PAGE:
Makin’ Copies

Backups are the New Year’s Resolutions of computing. You start out with good intentions, and by the end of January you’re eating Twinkies and you haven’t backed up in weeks. Prior to my iMac’s premature death, by backup strategy was the electronic equivalent of keeping your savings under the mattress- I burned my iPhoto Library to DVDs, copied a few things to another machine when I thought of it, and mostly forgot about it. I kept meaning to do something about it, and then I kept not doing anything about it. I was also dragging my feet because I was waiting for the fancy new Time Machine feature in Leopard, originally due out in June. Nothing could possibly go wrong before Leopard comes out, right?

Of course, nothing leads to good backups like systems failure and data loss. This time I was lucky- my data loss was only loss of access to my data; once the iMac was fixed, all my data was right where I left it. Had my dead logic board been a dead hard drive, I would been up the proverbial creek, which empties into the Bay of Despair, where lies the Isle of Self Recrimination. And so it was, that after unpacking the Mac and confirming everything worked, and after a brief aside (read: reboot) for the latest Mac OS X security update, I started working on a backup plan.

My long term (say, 6 months tops) plan is to have automatic backups to some kind of RAID setup. Storage just keeps getting cheaper, and RAID is no longer requires rocket surgery to use. For USD 400.00 at my local Apple Store, I can get a terrabyte in box from Western Digital, usable as either RAID 0 (no protection, seen as one big drive) or RAID 1 (half the storage, but double the copies) via USB 2.0 and Firewire 400/800. For USD 500.00 I can buy a Drobo (be sure to watch the video), a USB 2.0 (sure wish it had Firewire 800) self managed RAID box that can sport 1 to 4 drives of any mix of sizes, and intelligently manage the RAID automatically. Of course, I’d still have to shell out for drive(s), but the beauty there is that you can only buy as much storage as you need (any brand SATA drive), allowing storage prices to continue to drop. Also, it’s a one-time investment; if you run out of room and free drive bays, you replace smaller drives with bigger drives, one at a time, as needed. Either of these solutions could be hung directly off my Mac for use with Time Machine, or attached to my Linux server or an NAS for a networked setup.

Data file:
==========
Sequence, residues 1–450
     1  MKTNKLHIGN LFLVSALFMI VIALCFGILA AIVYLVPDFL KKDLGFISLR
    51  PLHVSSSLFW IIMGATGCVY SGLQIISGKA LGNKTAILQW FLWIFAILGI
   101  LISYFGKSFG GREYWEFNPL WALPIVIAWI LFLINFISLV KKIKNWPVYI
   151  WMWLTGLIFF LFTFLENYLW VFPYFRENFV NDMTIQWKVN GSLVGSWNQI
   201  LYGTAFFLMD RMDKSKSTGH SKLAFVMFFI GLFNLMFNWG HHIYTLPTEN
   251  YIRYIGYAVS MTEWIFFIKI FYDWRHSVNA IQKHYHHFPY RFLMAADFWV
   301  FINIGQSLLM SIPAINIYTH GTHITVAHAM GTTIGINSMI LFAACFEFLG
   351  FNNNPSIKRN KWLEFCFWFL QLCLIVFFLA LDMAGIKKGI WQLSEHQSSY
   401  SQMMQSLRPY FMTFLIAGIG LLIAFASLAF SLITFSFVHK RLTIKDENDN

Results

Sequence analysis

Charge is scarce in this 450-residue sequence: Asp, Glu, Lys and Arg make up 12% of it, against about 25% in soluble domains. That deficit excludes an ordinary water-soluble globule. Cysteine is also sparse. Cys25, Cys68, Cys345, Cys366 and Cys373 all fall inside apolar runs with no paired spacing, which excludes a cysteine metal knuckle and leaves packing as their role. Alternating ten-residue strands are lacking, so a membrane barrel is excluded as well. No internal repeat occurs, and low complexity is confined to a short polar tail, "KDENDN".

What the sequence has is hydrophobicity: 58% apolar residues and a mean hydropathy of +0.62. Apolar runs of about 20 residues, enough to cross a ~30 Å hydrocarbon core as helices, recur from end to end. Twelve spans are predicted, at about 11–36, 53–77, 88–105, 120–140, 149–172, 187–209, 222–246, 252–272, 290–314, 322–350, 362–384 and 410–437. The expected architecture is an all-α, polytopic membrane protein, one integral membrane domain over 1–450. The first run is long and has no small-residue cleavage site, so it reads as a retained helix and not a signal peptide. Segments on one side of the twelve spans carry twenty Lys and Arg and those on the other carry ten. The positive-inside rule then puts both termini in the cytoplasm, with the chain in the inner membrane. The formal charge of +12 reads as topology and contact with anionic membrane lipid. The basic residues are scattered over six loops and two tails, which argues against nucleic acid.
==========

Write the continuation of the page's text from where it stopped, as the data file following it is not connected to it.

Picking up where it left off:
In the interim, I’ll settle for a nightly copy of the data I care about- In my case, that’s the /Users directory and everything in it. I have an old beige box in the basement running Linux as a headless server, among other uses it hosts 160GB of storage via Samba. Keeping my ~85GB of /Users data copied onto the 160GB drive should be good enough for now- if either machine goes, I’ll have one good copy.

To maintain my copy, I am using rsync (see also the Wikipedia entry). I recalled that there are some issues with rsync on OS X, including the fact the the HFS file system used by OS X supports resource forks, which most other file systems do not. A bit of the Google turned up this rsync on OS X Mini-HOWTO at that nicely sums up the issues and offers a patch for Apple’s version of rsync. I compiled a new rsync on both my Mac and the Linux server with no issues, and proceeded to make a full backup of /Users to the remote system. For the curious (and for my own future reference), the particular rsync incantation I used was: